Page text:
Adaptation in the Himalayas

The greater Himalayan region, known as “the roof of the world,” boasts the largest concentration of glaciers and permafrost outside the polar regions. It feeds water into Asia’s ten largest rivers, supporting over 1.3 billion livelihoods and playing a crucial role in global atmospheric circulation, biodiversity, agriculture, and hydropower.

According to the IPCC AR6 report, the Hindu Kush Himalayan region has seen reduced snow cover and glacier retreat since the 1970s, with projections indicating further declines in snow-covered areas and glacier volumes throughout the 21st century. Rising temperatures, notably 0.6 degrees Celsius per decade in Nepal, surpass the global average of 0.74 degrees Celsius over the past century. Extreme weather events such as hailstorms, floods, landslides, and droughts are increasingly affecting communities, prompting climate-induced migrations.

CANSA’s efforts include ecosystem preservation, restoration, and showcasing local climate solutions through community voices in the Himalayan region, aiming for a sustainable future.


These videos capture local climate solutions through the voices of local communities in the Himalayan region and are used as part of our adaptation work in the South Asian region. The videos showcase good examples of empowered communities and how local governments can use these examples in their climate action plans and DRR, and to empower local communities to act to combat climate impacts. National governments in the region can report these in their National Adaptation Plans and Nationally Determined Contributions under their commitments to the Paris Agreement. They seek to inspire other vulnerable countries similarly impacted, and to remind the rich countries responsible for the climate crisis that they need to pay reparations and support poorer countries in their adaptation efforts and pay for the loss and damage.


Climate Change: A Himalayan Odyssey

This paper reiterates the climate change risks in light of the IPCC AR6 report, and aims to explore how regional cooperation among countries in the Himalayas to address climate change can happen; with both cooperation among states and among non-state actors. By examining the shared impacts across various sectors and the existing and past regional cooperation to such impacts, this paper concludes the limitations on previous measures and provides various recommendations on avenues for future regional cooperation.

To Download: Click Here

Early Warning Systems in Nepal

At least 175 lives are lost every year due to floods in Nepal. The economic losses to the Himalayan country due to floods are pegged at $140 million and damage to assets is at 1.4% of GDP.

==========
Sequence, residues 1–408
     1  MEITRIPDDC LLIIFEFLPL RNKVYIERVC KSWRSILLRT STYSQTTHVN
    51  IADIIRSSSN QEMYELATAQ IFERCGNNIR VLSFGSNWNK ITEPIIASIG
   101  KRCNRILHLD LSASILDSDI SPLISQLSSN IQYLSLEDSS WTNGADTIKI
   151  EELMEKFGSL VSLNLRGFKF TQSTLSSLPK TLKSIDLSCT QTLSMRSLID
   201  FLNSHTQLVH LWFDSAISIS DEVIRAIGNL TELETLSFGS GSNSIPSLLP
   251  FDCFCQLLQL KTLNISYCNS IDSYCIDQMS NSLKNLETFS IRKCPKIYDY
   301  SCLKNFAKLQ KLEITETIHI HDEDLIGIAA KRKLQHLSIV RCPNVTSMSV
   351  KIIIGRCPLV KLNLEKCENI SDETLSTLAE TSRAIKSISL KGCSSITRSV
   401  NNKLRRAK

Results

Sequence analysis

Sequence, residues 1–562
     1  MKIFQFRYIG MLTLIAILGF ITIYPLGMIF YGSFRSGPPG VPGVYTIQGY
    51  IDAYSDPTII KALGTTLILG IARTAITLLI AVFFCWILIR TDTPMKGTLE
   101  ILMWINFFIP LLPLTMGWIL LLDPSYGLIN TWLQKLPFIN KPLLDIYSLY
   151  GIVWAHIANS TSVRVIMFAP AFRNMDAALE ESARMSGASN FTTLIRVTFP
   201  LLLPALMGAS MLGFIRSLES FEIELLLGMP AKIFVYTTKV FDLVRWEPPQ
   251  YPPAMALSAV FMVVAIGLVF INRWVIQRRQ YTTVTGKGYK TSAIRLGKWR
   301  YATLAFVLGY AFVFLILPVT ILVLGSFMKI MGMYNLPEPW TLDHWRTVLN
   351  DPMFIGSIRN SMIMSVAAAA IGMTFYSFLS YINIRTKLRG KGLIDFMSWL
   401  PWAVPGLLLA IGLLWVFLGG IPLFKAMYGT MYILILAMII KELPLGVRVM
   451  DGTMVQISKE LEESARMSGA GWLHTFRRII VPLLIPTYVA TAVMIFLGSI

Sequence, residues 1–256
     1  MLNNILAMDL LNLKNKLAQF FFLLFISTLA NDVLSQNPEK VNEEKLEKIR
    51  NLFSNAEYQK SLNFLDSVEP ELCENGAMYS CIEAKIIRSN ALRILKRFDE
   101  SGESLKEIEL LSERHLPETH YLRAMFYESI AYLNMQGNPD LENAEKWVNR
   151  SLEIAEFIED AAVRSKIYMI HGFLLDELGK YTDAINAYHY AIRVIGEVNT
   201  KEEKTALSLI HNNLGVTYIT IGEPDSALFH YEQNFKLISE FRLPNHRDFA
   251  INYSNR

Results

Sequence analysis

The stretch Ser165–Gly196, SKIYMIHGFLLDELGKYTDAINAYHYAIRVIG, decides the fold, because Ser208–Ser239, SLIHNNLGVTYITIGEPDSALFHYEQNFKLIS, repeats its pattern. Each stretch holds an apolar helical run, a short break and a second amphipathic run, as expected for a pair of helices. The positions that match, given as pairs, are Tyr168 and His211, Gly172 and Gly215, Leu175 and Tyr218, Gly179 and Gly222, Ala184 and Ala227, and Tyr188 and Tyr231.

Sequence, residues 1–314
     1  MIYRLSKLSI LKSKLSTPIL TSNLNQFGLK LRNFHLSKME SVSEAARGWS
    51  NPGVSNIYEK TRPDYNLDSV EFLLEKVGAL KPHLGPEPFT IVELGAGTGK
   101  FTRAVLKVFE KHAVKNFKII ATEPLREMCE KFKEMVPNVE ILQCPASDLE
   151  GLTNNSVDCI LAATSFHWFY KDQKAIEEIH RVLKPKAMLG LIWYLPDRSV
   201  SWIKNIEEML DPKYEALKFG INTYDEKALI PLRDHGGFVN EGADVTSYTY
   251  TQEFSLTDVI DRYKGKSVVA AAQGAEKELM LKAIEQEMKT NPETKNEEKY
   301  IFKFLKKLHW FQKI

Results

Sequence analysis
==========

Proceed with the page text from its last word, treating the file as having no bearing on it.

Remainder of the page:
For those living in Nangapur village in Nepal, living with floods is an everyday reality. The Karnali, a major river in Nepal, deluges hundreds of villages in Nepal, and people in the lower Karnali basin area, can’t sleep in the monsoon, due to fear of the gushing waters washing them away with their homes.

Ever since the installation of early warning systems along all river basins the situation has considerably improved – many lives have been saved and loss and damage to property reduced.

Alternative livelihoods combat climate change in the Himalayas

Climate change has badly affected agriculture-based livelihoods in the Himalayan state of Uttarakhand of India. Agriculture is becoming increasingly difficult in the Himalayan slopes, but farmers are responding with the spirit of resilience and enterprise.

Local communities have resorted to alternate livelihoods and combat future impacts of climate change. These include quail farming, mushroom cultivation, bee-keeping, and choosing climate-resilient species, as a means of income livelihood to people, and reverse the trend of migration from the hills.

Local water conservation restores livelihood in Himalayan villages

Depleting water resources in the Himalayan state of Uttarakhand in India, are causing agriculture and drinking water problem and aggravating forest fires.

Climate change is causing depleting and drying up of water sources. Recharging the water sources -lakes, springs – in the simplest and low-cost method by building trenches that hold and recharge the water aquifers has been adopted. It has solved water shortages for drinking and agriculture and also reduced forest fires. The locals from Pata village have also planted trees that hold water.